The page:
In today’s real estate market, many homeowners are opting to purchase a new home and convert their current house into an investment property. Whether handling the renting process themselves or using a property management company, it’s not unusual for the business structure regarding ownership of the rental property to be overlooked.
If you own your property as an individual and someone files a lawsuit against you, then your personal assets are at stake. Creating an LLC to own the rental property allows your rental property and your personal assets to be separated, affording you protection from debt or costs associated with being a landlord. If you create an LLC, then the assets at stake are those owned by the LLC and not your personal finances.
If you have multiple rental properties, it may be wise to have each property owned by a separate LLC. If someone files a lawsuit against one of your properties, the other properties owned by separate LLCs would not be affected. This allows for the separation of assets and protects each of your properties.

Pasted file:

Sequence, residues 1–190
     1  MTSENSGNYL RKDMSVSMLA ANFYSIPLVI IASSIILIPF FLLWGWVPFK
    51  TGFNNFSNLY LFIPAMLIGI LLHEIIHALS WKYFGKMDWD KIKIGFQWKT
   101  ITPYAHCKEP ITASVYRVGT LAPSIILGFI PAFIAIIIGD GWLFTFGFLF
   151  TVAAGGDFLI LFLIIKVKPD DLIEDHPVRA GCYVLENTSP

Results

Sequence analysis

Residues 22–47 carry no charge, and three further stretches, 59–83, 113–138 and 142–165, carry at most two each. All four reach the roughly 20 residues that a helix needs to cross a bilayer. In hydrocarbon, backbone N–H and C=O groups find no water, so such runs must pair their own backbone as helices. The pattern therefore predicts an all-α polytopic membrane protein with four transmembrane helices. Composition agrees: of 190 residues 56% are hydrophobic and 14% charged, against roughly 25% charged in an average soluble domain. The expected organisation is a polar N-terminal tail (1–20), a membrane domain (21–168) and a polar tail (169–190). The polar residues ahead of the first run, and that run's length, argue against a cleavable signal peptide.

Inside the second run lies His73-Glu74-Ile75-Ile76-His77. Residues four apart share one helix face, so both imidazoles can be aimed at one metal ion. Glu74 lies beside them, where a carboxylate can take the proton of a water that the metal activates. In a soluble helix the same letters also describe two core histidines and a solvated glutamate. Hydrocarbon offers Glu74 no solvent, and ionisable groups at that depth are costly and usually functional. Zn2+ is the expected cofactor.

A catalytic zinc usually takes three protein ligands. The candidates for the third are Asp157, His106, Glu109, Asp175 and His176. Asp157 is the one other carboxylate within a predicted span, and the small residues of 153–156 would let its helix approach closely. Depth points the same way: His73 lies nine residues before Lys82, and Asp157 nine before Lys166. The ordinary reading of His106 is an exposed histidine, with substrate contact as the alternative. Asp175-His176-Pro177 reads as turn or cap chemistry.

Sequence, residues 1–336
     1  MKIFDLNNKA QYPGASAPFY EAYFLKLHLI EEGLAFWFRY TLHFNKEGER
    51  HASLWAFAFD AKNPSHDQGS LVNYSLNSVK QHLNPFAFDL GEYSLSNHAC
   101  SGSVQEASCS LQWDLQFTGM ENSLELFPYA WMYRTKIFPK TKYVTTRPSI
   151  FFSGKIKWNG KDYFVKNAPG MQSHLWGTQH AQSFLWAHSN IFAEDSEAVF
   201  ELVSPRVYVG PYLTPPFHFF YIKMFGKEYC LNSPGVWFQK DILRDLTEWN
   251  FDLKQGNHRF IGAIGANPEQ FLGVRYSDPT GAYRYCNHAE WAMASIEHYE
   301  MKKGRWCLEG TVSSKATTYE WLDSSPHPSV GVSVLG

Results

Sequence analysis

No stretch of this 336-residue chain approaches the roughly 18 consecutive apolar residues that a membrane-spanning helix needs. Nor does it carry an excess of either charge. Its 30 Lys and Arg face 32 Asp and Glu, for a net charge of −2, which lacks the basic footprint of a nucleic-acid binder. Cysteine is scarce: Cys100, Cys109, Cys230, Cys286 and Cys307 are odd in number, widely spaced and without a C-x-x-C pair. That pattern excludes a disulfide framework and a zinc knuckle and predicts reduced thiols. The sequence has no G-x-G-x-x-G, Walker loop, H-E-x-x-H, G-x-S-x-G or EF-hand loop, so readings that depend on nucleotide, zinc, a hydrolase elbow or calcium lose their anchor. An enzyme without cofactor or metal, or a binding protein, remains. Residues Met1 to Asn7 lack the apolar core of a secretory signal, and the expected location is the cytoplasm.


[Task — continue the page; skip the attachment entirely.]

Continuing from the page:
To better track expenses and repairs related to each property, it may be a good idea to set up separate bank accounts. Your accountant should be consulted on how best to set up and monitor accounts.
At the 417 Business & Elder Law & 417 Elder Law, we are here to help you navigate and understand the legal documents involved in rental property.
This article was also published in the printed version of the Volume 10 Jan-Mar 2018 Newsletter (PDF).
Please call our office at (417) 887-4170 if you have any questions about this article or would like to receive our mailed newsletter.